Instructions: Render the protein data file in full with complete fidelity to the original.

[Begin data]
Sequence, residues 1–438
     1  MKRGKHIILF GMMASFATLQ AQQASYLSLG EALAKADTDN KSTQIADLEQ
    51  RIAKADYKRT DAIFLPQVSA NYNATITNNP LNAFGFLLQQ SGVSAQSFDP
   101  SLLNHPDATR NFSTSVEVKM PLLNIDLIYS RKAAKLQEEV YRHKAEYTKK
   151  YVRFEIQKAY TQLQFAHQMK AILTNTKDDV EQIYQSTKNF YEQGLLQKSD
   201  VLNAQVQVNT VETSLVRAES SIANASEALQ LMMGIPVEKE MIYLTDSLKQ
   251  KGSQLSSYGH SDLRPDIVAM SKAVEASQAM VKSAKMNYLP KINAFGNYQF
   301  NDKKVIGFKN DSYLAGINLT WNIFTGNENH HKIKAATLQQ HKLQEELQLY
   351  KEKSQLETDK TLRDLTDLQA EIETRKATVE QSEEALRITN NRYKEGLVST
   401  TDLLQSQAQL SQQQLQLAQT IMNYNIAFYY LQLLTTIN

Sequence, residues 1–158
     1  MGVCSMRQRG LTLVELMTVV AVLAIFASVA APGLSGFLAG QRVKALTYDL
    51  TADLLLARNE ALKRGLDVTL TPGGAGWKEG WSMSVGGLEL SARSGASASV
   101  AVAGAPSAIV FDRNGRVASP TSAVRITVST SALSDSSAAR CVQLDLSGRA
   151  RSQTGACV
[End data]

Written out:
Sequence, residues 1–438
     1  MKRGKHIILF GMMASFATLQ AQQASYLSLG EALAKADTDN KSTQIADLEQ
    51  RIAKADYKRT DAIFLPQVSA NYNATITNNP LNAFGFLLQQ SGVSAQSFDP
   101  SLLNHPDATR NFSTSVEVKM PLLNIDLIYS RKAAKLQEEV YRHKAEYTKK
   151  YVRFEIQKAY TQLQFAHQMK AILTNTKDDV EQIYQSTKNF YEQGLLQKSD
   201  VLNAQVQVNT VETSLVRAES SIANASEALQ LMMGIPVEKE MIYLTDSLKQ
   251  KGSQLSSYGH SDLRPDIVAM SKAVEASQAM VKSAKMNYLP KINAFGNYQF
   301  NDKKVIGFKN DSYLAGINLT WNIFTGNENH HKIKAATLQQ HKLQEELQLY
   351  KEKSQLETDK TLRDLTDLQA EIETRKATVE QSEEALRITN NRYKEGLVST
   401  TDLLQSQAQL SQQQLQLAQT IMNYNIAFYY LQLLTTIN

Sequence, residues 1–158
     1  MGVCSMRQRG LTLVELMTVV AVLAIFASVA APGLSGFLAG QRVKALTYDL
    51  TADLLLARNE ALKRGLDVTL TPGGAGWKEG WSMSVGGLEL SARSGASASV
   101  AVAGAPSAIV FDRNGRVASP TSAVRITVST SALSDSSAAR CVQLDLSGRA
   151  RSQTGACV